What Future for Our Police?; THE WEST MIDLANDS CHIEF REVEALS HIS VISION FOR LAW AND ORDER IN THE 21ST CENTURY. While the Idea of Robocops Patrolling the Region's Streets in the New Millennium May Be a Flight of Fancy, West Midlands Chief Constable Edward Crew Believes Law and Order Is Set to Undergo Radical Change

By McGLOWN, Martin | Birmingham Evening Mail (England), January 10, 2000 | Go to article overview

What Future for Our Police?; THE WEST MIDLANDS CHIEF REVEALS HIS VISION FOR LAW AND ORDER IN THE 21ST CENTURY. While the Idea of Robocops Patrolling the Region's Streets in the New Millennium May Be a Flight of Fancy, West Midlands Chief Constable Edward Crew Believes Law and Order Is Set to Undergo Radical Change


McGLOWN, Martin, Birmingham Evening Mail (England)


EDWARD Crew doesn't possess a crystal ball. If he did, his task of leading Britain's second biggest police force in this new Millennium would be a lot easier.

As it is, he has to make predictions based on current trends, projected forecasts and gut hunches.

And make no mistake - the stakes are high. Crime and disorder is the number one concern among a public who are increasingly bombarded with newspaper and TV coverage of murders, shootings and violence.

Yet at the same time, funding for policing has been repeatedly slashed in real terms over a protracted period.

Relaxed trade and tourism barriers mean that guns and drugs are in more widespread circulation.

To make matters worse, a demographic time bomb is about to explode as a result of a baby boom in the mid-80s. Forecasters say the population will be made up of far more young men over the next five or six years. Statistics show that the vast majority of crime is committed by males under the age of 21.

So where do the answers lie? Well, according to Chief Constable Crew, constabularies will increasingly have to adopt a multi-agency approach if they are to be effective.

"The police and other authorities are already working closely together and will continue to do so. So much of what we do affects each other," he says.

"For example, if children are not properly educated they will get into bother and eventually fall into crime. I believe truancy patrols will become very common in the next decade.

"Local authorities have enormous power over people's lives. One of the most difficult areas for us is poverty-stricken estates where large groups of young men congregate.

"In the future I think we will see councils collaborating with us to design estates where this happens less frequently and where community spirit is fostered.

"Designing out crime is a big issue. For example, previously if a car park was seen as a crime hot-spot, the police would simply go and survey the car park and make arrests.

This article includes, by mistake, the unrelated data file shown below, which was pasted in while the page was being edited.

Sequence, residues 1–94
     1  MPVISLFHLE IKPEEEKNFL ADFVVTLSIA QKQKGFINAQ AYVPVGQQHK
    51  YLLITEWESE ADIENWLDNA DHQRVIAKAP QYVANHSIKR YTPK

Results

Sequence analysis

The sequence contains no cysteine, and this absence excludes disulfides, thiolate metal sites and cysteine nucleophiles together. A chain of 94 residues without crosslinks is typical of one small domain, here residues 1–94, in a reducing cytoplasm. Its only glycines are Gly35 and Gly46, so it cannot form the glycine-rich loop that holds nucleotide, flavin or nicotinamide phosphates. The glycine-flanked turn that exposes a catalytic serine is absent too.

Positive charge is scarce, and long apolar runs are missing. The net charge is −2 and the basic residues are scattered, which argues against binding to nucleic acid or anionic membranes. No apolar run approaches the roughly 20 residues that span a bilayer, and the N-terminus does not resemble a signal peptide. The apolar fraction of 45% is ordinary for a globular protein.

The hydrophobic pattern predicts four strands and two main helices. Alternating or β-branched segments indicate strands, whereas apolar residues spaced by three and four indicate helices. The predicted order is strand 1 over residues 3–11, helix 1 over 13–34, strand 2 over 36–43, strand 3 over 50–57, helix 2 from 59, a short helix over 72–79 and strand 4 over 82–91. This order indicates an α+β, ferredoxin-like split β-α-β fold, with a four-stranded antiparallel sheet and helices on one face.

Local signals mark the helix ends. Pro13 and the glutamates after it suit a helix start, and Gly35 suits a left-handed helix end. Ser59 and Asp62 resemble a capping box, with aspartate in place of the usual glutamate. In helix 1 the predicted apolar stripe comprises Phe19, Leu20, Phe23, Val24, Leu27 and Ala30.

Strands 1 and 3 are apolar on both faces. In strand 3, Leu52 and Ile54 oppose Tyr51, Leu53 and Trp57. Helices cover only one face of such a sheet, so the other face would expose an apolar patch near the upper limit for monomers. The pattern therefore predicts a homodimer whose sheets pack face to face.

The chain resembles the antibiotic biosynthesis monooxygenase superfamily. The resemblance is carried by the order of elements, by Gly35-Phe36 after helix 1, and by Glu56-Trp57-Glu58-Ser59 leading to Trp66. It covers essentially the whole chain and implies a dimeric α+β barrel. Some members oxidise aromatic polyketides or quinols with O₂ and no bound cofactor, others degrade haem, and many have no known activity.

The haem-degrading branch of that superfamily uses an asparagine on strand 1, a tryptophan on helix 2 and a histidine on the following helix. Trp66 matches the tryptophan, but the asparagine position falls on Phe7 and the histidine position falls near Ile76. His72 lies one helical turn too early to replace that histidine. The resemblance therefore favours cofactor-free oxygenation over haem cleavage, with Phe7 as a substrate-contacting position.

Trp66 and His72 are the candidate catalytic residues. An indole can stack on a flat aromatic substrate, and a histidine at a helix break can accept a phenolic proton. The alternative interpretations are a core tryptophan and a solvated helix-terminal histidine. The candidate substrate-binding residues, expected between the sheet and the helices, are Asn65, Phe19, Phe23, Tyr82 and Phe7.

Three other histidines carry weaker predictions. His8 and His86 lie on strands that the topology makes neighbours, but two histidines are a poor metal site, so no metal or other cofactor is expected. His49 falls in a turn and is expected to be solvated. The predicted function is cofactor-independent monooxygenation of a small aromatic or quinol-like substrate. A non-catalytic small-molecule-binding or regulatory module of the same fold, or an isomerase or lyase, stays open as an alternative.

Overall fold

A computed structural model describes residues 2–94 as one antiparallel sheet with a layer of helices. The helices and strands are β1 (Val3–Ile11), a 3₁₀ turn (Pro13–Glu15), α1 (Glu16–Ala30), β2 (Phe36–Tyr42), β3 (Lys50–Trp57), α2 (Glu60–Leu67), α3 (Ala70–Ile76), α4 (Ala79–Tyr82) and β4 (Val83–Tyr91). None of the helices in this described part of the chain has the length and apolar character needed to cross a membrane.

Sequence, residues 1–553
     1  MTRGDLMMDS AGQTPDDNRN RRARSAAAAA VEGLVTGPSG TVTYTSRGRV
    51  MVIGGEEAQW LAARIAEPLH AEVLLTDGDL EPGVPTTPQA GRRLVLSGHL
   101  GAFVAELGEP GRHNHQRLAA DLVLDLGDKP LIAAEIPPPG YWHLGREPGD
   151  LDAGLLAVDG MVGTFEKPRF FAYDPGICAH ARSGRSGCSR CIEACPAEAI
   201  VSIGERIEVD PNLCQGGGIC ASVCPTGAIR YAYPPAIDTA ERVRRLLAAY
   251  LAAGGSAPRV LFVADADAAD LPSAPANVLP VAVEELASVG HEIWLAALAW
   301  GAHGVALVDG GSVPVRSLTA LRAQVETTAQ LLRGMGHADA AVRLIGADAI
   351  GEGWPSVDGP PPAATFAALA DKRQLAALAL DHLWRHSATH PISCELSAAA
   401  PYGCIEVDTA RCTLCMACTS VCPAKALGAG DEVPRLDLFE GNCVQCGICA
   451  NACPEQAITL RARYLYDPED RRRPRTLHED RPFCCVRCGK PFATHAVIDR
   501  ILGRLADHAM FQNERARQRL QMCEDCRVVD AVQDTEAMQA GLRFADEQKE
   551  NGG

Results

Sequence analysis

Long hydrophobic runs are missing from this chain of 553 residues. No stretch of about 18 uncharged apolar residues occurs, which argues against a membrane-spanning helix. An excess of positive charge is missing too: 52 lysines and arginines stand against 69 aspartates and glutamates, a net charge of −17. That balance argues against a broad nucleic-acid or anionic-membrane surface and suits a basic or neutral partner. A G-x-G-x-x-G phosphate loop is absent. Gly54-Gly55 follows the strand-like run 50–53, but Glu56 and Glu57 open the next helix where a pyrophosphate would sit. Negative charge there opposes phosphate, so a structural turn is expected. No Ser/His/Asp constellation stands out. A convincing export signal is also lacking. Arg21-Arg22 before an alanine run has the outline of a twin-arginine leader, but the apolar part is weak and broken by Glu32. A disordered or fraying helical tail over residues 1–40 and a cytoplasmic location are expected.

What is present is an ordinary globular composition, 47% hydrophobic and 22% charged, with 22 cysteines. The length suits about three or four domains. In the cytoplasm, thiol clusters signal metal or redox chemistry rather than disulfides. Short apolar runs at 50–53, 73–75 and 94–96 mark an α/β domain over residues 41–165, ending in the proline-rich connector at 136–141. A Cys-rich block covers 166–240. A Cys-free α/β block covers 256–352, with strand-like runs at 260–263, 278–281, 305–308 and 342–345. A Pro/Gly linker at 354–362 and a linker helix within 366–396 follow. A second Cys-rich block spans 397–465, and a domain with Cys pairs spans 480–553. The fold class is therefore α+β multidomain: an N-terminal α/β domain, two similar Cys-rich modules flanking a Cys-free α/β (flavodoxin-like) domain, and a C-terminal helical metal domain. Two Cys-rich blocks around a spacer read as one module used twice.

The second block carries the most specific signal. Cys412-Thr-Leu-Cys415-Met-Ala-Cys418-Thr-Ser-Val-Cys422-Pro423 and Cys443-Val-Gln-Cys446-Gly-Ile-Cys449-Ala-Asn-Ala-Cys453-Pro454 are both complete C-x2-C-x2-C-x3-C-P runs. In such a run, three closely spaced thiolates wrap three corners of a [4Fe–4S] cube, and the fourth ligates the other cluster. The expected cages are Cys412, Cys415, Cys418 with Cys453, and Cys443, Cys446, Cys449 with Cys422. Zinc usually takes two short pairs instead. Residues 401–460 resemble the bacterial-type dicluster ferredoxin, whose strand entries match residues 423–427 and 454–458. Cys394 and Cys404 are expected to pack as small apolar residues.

"But we are beginning to look at improving lighting, CCTV and so on. This all requires partnership."

Mr Crew, who has now been at the helm for three years, believes closer alliances will not only be forged with local authorities, but also the other emergency services, the Probation Service, the Crown Prosecution Service, Government departments, health authorities, charities and voluntary groups.

But he insists increased collaboration does not represent forces shirking responsibility.

His by now familiar war cry of "more bobbies on the beat" is hammered home as he spells out the challenges ahead:

"I don't think there will be an explosion in violent crime, but at the same time there is no sign of it abating.

"To combat this and reassure the public, we will see more police officers being deployed on the streets over the next five years, of that I have little doubt.

"Having more officers in close contact with the public results in more crimes being reported.

More realistic

"It's not necessarily that offences are on the increase, it can simply be that people feel encouraged to take a stand.

"I think that is something the police will have to come to terms with, accepting a more realistic reflection of what is actually happening.

"Politicians eventually respond to what the public wants. And I have seen nothing to suggest that people do not want high-visibility policing."

The 53-year-old Chief believes domestic violence will increase and credit card and banking fraud will rocket, especially as Internet usage continues to grow.

But he is under no illusion that the fiercest enemy to be faced over the next decade remains drugs. Seventy to 80 per cent of all crime is currently drug-related.

"I see that figure increasing," predicts Mr Crew. "Despite what some people think, at the moment we in the UK take a moderate line on drugs, especially compared to countries in Asia and even America. …

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What Future for Our Police?; THE WEST MIDLANDS CHIEF REVEALS HIS VISION FOR LAW AND ORDER IN THE 21ST CENTURY. While the Idea of Robocops Patrolling the Region's Streets in the New Millennium May Be a Flight of Fancy, West Midlands Chief Constable Edward Crew Believes Law and Order Is Set to Undergo Radical Change
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